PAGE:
keywords = "LEPUS-TIMIDUS, SNOWSHOE HARES, MAMMALIAN HERBIVORES, FUNCTIONAL-RESPONSE, EPICUTICULAR WAXES, CUTICULAR WAX, HABITAT USE, WINTER, ALKANES, SELECTION",
author = "Rao, {S. J.} and Glenn Iason and Hulbert, {I. A. R.} and Mayes, {R. W.} and Racey, {Paul Adrian}",
year = "2003",
doi = "10.1139/z03-093",
language = "English",
volume = "81",
pages = "1047--1056",
journal = "Canadian Journal Of Zoology/Revue Canadien De Zoologie",
issn = "0008-4301",
publisher = "National Research Council of Canada",

}

TY - JOUR

T1 - Estimating diet composition for mountain hares in newly established native woodland: development and application of plant-wax faecal markers

AU - Rao, S. J.

AU - Iason, Glenn

AU - Hulbert, I. A. R.

AU - Mayes, R. W.

AU - Racey, Paul Adrian

PY - 2003

Y1 - 2003

N2 - Knowledge of the feeding ecology of mammalian herbivores is fundamental in predicting their responses to habitat change. Where native woodlands are newly established in open moorland, the extent to which trees form part of the diet of mountain hares (Lepus timidus) is unknown. This information is necessary for predicting the potential effects of mountain hare browsing on woodland establishment. The n-alkanes and a long-chain fatty alcohols found in the cuticular wax of diet plants and faeces (N=240) were used as markers to estimate the composition of the diet of mountain hares in an area of moorland with newly established Pinus sylvestris and Betula pubescens woodland. During winter, the diet of mountain hares was dominated by Calluna vulgaris, but there was a seasonal shift to a diet dominated by grasses, sedges, and rushes in summer. Pinus sylvestris and B. pubescens were minor dietary components in all seasons. A higher proportion of grasses, sedges, and rushes was found in the diet of lactating females. Results suggest that when an alternative browse species such as C. vulgaris is widely available, mountain hares may not have a large impact on the establishment of native woodland. The dietary results from this study are in broad agreement with those from previous studies using other techniques.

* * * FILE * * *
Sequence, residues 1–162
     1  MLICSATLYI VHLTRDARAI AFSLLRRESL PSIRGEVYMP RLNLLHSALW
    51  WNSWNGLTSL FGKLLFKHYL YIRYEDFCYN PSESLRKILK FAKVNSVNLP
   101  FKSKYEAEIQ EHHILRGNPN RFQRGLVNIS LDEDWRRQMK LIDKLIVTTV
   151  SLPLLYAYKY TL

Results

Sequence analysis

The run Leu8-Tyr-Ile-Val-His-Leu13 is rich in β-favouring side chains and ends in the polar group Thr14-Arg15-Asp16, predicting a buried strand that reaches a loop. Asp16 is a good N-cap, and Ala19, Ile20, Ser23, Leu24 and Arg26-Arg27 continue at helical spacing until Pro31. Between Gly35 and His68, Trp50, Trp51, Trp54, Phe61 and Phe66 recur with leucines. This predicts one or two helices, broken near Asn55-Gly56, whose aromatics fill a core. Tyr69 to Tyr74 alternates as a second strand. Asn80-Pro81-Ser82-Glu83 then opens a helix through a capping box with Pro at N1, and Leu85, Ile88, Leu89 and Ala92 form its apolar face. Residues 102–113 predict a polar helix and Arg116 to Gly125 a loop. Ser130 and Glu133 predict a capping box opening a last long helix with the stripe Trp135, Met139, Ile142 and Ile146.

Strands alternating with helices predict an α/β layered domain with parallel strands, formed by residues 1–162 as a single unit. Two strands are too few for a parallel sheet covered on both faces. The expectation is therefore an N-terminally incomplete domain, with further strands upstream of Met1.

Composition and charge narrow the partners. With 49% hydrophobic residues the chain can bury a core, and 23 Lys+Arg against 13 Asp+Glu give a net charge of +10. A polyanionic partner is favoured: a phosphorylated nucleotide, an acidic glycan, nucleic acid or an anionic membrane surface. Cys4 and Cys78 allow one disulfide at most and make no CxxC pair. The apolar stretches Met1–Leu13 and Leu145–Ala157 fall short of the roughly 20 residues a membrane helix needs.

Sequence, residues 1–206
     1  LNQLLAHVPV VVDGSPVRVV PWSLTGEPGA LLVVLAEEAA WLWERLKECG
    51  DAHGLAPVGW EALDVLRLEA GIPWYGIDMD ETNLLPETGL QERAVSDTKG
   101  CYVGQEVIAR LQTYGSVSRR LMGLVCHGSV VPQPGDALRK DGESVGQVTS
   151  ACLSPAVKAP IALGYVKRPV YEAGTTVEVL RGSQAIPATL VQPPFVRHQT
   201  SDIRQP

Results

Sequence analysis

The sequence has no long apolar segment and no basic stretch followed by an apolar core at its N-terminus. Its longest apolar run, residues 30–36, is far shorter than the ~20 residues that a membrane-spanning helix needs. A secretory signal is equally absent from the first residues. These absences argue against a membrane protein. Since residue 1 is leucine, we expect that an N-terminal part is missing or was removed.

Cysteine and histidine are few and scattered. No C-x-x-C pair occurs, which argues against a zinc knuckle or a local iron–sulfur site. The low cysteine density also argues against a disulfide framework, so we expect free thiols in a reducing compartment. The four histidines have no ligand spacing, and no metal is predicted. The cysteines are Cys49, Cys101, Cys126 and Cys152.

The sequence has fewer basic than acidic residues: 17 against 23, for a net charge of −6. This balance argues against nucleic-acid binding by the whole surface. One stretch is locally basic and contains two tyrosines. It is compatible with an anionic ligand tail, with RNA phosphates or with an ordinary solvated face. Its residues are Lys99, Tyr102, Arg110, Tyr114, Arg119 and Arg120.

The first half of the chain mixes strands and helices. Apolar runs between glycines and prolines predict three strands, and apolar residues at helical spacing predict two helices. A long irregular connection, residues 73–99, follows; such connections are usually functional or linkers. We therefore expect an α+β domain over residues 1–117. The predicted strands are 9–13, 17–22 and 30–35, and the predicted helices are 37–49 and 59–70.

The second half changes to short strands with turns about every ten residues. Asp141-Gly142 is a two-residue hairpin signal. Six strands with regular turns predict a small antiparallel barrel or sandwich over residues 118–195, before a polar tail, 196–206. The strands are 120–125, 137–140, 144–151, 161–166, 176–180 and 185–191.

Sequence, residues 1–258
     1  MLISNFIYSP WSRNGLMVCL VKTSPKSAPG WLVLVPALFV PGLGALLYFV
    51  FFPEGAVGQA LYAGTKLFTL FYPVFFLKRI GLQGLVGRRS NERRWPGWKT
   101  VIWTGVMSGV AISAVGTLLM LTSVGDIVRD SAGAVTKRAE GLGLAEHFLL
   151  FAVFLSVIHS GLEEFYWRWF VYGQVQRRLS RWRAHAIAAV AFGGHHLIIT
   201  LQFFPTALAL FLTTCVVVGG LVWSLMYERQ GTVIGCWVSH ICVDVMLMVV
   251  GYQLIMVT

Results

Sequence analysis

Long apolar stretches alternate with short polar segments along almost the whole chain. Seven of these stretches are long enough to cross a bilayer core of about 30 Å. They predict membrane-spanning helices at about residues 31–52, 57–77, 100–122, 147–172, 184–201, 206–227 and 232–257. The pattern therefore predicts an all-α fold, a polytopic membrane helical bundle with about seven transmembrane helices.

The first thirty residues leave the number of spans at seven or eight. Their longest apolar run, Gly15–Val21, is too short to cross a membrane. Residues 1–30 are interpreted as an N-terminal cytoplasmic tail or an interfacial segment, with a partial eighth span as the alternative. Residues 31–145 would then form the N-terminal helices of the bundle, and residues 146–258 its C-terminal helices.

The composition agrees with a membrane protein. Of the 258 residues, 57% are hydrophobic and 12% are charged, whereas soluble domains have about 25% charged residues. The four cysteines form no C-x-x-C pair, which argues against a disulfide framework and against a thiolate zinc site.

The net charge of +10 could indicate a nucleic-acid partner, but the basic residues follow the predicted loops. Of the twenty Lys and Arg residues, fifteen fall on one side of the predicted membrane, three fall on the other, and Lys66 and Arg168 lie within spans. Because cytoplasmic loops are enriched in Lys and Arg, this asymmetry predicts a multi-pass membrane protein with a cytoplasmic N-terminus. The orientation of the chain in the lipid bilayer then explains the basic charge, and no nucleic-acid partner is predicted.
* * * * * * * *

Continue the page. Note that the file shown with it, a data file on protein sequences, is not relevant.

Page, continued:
AB - Knowledge of the feeding ecology of mammalian herbivores is fundamental in predicting their responses to habitat change. Where native woodlands are newly established in open moorland, the extent to which trees form part of the diet of mountain hares (Lepus timidus) is unknown. This information is necessary for predicting the potential effects of mountain hare browsing on woodland establishment. The n-alkanes and a long-chain fatty alcohols found in the cuticular wax of diet plants and faeces (N=240) were used as markers to estimate the composition of the diet of mountain hares in an area of moorland with newly established Pinus sylvestris and Betula pubescens woodland. During winter, the diet of mountain hares was dominated by Calluna vulgaris, but there was a seasonal shift to a diet dominated by grasses, sedges, and rushes in summer. Pinus sylvestris and B. pubescens were minor dietary components in all seasons. A higher proportion of grasses, sedges, and rushes was found in the diet of lactating females. Results suggest that when an alternative browse species such as C. vulgaris is widely available, mountain hares may not have a large impact on the establishment of native woodland. The dietary results from this study are in broad agreement with those from previous studies using other techniques.

KW - LEPUS-TIMIDUS

KW - SNOWSHOE HARES

KW - MAMMALIAN HERBIVORES

KW - FUNCTIONAL-RESPONSE

KW - EPICUTICULAR WAXES

KW - CUTICULAR WAX

KW - HABITAT USE

KW - WINTER

KW - ALKANES

KW - SELECTION

U2 - 10.1139/z03-093

DO - 10.1139/z03-093

M3 - Article

VL - 81

SP - 1047

EP - 1056

JO - Canadian Journal Of Zoology/Revue Canadien De Zoologie

JF - Canadian Journal Of Zoology/Revue Canadien De Zoologie

SN - 0008-4301

ER -